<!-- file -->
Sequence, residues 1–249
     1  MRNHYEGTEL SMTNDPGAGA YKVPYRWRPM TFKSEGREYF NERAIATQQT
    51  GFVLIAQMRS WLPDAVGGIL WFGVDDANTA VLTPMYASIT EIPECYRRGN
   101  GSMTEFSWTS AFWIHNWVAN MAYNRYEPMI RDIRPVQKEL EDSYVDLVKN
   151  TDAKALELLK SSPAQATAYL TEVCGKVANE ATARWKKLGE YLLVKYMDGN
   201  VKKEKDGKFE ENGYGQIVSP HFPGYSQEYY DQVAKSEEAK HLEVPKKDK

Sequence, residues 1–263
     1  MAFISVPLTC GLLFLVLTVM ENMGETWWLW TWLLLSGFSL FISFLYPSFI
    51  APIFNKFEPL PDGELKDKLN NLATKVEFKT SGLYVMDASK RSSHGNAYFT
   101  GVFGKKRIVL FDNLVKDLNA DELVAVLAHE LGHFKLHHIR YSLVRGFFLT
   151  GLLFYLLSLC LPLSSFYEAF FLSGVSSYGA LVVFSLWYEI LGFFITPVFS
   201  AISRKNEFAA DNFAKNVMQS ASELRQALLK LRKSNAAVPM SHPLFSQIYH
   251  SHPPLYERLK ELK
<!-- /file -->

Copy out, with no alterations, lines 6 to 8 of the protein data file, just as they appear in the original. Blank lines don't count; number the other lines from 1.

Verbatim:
   201  VKKEKDGKFE ENGYGQIVSP HFPGYSQEYY DQVAKSEEAK HLEVPKKDK

Sequence, residues 1–263
     1  MAFISVPLTC GLLFLVLTVM ENMGETWWLW TWLLLSGFSL FISFLYPSFI